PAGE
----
Arsène Wenger: Manchester City have wealth but Manchester United will win title in ‘money-time’

Reds' displays in last 15 minutes of games prove decisive, says Wenger

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The Independent Football

Arsène Wenger introduced a new phrase to the lexicon of the title run-in yesterday when he said that Manchester United's ability to "deal with the money-time" was what separated them from rivals Manchester City.

Wenger's Arsenal have the opportunity tomorrow to deal a significant blow to City's hopes of catching United at the top of the Premier League and their manager was in little doubt about what has separated the leaders from the rest of the pack in the last few weeks. The "money-time", Wenger said, was the last 15 minutes of a tight game at the end of the season when the three points have to be won.

There is no love lost between Wenger and City, who, he joked, had eight former Arsenal players either in their playing squad or among their staff including Samir Nasri, Gaël Clichy, Kolo Touré and Emmanuel Adebayor, who is on loan at Tottenham. The Arsenal manager also hinted that this current United team is nothing like as good as the United sides his club overcame to win their three Premier League titles.

Wenger said that City had been "outstanding at home" but "lost a little bit" on the road, where they have dropped points recently at Sunderland and Stoke. Wenger said: "Manchester United is surprisingly there in a comfortable position. No one expected them to be. They didn't look absolutely irresistible this year and you could see that again on Monday night against Blackburn. But they managed to win the game.

"I believe that if United win the title this year it is really down to experience. What I mean by that is that even the other night at Blackburn, when Ryan Giggs came on in the last 15 minutes, you thought, 'They can only win it now', because they know how to deal with the money-time. That means the last 15 minutes in football when it is 0-0. You can't make a mistake. They have that security at the back. They have won so many titles because they are not nervous."

It was unclear where Wenger had picked up the phrase "money-time" – he may have coined it himself – but there did not appear to be any intentional allusion to City's Abu Dhabi wealth. Nevertheless, when pressed on the future of Robin van Persie, Arsenal's captain, top goalscorer and a leading candidate to be Player of the Year, Wenger said that he was not prepared to allow another player to be sold to City.

The next six months will be crucial for Arsenal in securing Van Persie's future. Wenger reminded his questioners that the striker was still under contract and could not be approached by another club. "He has one year to go," he said. "I don't think it's the best subject before Sunday's game."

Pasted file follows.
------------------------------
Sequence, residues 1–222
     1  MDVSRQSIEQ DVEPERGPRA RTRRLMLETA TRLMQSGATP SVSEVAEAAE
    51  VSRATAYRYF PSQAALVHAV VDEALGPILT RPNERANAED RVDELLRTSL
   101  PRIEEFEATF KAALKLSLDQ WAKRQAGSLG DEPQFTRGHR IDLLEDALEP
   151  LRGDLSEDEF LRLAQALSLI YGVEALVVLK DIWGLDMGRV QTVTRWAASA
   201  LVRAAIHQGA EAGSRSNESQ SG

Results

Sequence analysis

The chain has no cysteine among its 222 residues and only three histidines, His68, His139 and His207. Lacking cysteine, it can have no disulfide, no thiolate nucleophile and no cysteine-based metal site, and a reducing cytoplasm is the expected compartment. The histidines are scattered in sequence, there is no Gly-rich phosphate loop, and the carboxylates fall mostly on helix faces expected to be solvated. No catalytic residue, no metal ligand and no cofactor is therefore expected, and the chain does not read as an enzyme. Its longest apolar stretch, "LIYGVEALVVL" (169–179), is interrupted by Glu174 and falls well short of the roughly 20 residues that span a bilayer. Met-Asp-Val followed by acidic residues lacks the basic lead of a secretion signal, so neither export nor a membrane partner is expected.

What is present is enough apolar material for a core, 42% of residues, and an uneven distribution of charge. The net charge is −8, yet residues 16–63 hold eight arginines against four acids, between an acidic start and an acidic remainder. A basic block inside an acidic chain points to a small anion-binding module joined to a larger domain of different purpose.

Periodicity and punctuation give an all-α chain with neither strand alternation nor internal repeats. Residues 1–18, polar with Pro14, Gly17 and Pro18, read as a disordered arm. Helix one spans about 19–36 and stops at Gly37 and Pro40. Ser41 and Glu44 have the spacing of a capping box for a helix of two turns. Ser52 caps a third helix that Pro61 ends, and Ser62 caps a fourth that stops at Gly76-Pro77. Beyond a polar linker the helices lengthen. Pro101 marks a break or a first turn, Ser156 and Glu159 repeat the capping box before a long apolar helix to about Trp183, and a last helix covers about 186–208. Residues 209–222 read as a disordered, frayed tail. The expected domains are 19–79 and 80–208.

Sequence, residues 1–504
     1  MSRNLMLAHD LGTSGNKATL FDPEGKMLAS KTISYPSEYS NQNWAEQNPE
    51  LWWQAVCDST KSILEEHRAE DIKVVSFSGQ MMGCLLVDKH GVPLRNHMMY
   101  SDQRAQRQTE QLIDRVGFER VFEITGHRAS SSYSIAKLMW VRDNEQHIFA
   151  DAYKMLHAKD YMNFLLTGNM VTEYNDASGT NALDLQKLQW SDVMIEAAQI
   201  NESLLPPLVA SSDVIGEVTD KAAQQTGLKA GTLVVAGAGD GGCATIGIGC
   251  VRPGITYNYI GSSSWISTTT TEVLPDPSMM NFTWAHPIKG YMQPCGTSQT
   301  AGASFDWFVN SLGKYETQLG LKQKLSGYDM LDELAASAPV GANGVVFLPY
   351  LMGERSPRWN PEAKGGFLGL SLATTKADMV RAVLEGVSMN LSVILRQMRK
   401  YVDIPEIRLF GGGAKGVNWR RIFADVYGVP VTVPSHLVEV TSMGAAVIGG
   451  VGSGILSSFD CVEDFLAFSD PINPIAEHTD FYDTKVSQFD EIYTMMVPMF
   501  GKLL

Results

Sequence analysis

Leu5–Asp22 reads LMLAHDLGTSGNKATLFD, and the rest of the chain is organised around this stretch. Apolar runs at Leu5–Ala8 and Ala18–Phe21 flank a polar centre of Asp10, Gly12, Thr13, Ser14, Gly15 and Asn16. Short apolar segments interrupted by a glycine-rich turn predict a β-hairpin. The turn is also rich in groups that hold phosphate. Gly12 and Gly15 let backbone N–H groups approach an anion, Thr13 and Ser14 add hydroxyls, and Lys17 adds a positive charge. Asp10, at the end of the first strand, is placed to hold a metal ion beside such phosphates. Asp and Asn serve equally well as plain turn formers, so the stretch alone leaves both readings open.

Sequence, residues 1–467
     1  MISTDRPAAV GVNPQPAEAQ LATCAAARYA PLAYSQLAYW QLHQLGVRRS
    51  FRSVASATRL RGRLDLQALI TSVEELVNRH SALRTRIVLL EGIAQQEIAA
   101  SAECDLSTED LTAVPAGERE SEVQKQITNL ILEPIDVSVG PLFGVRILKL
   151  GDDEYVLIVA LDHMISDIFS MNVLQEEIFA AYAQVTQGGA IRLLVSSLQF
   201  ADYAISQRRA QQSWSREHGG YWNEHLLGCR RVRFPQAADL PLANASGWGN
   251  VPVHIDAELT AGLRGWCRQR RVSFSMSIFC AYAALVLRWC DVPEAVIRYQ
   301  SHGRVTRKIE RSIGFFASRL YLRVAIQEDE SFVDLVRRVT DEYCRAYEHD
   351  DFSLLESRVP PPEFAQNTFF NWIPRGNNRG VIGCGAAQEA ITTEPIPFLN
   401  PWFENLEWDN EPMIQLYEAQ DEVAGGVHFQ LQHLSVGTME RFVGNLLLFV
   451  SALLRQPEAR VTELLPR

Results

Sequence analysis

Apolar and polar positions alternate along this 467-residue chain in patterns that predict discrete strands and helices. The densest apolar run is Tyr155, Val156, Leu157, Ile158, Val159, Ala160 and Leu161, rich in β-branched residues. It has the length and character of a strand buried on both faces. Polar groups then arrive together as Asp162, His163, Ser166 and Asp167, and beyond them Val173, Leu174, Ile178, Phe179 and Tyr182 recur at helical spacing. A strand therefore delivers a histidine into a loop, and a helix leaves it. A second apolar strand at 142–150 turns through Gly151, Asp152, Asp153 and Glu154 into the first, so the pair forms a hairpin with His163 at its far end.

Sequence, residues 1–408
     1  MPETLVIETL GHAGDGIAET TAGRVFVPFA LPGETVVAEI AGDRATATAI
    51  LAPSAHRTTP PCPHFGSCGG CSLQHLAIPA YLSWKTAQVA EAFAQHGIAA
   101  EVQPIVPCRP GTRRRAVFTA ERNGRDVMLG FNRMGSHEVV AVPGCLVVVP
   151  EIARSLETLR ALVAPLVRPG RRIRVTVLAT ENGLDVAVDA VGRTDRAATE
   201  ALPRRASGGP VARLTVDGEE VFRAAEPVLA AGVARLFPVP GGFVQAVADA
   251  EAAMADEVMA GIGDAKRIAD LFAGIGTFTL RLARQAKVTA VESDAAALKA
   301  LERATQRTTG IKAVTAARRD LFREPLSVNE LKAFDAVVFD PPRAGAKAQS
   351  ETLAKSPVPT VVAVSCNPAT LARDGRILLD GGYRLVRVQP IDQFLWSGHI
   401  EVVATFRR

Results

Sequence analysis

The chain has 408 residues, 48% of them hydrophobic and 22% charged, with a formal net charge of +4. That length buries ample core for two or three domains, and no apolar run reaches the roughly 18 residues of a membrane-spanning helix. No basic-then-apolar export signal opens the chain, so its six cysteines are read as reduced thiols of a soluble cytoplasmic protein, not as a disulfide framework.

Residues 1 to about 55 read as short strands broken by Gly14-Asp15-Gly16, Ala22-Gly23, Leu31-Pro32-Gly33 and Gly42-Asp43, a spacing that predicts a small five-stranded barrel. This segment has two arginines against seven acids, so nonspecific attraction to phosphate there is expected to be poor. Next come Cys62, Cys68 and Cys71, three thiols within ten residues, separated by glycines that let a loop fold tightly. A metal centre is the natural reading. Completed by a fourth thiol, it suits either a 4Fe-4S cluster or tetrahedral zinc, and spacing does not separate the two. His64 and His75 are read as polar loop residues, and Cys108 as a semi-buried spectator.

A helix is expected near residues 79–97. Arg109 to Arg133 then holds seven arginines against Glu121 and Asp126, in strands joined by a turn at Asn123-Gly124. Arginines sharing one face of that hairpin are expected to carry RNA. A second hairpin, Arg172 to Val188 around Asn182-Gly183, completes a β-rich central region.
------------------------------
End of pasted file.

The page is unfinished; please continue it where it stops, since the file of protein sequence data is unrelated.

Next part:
Asked why he thought City had signed so many Arsenal players since 2008, Wenger replied – albeit with a smile on his face – by saying that it had to stop. "Well, they have enough players there now. Already Adebayor, Kolo, Clichy, Nasri, they have [Patrick] Vieira [the club's football development executive] there, that's five. Brian Marwood [football administrator], Brian Kidd [assistant manager], played for Arsenal. They have seven or eight people from Arsenal, it's enough. Yes, David Platt [first-team coach]. Eight!"

Ask whether he was flattered by it, Wenger said he was "more worried". "They know our players, you know. But it's a little bit of a normal process. Because we have good players and young players and that's it."

Beating City, Wenger said, would move Arsenal closer to their goal of finishing third and securing Champions League football next season. "What is for sure is that a draw for them is not good enough, certainly," he said. "It is true that in the last two seasons they came to play for a draw – and they got it – but I believe that this time both teams are in a situation where they want to win."

There are no further injury problems for Wenger's squad besides the long-term absences of Jack Wilshere, Per Mertesacker and Emmanuel Frimpong but the bulletin on Wilshere was not encouraging. Wenger said that the 20-year-old, who has not played all season as he has recovered from surgery on a stress-fractured ankle, would have to be playing regularly by the end of this month to have any chance of being fit in time for Euro 2012.

Wenger said that the club would have a better idea "in the next two or three weeks". He said: "We try to keep the hope alive for him and without taking too many risks. That means we adapt day to day, to manage him, to improve his physical state and get him fit as quickly as we can without taking too big a risk. That means when he has pain we stop him.

"We are now at the end of March; that means to go to a big competition without having played at all is impossible. In the next four or five weeks we will know more and the next three weeks will be decisive. You would think a player who wants to play in June, at the end of April they will have to be competitive. The next three weeks will decide [if Wilshere can play at the Euros]."

The long-term future also looked gloomy for Marouane Chamakh, who was photographed this week smoking a shisha pipe with fellow Moroccan Adel Taarabt of Queens Park Rangers. Wenger described it as "not the best thing to do" and said it would be dealt with by the club. It was his response to a question about whether the out-of-favour striker would be an Arsenal player next season that was most telling. "That at the moment is too early to answer. We want him to focus completely, without smoking, until the end of the season."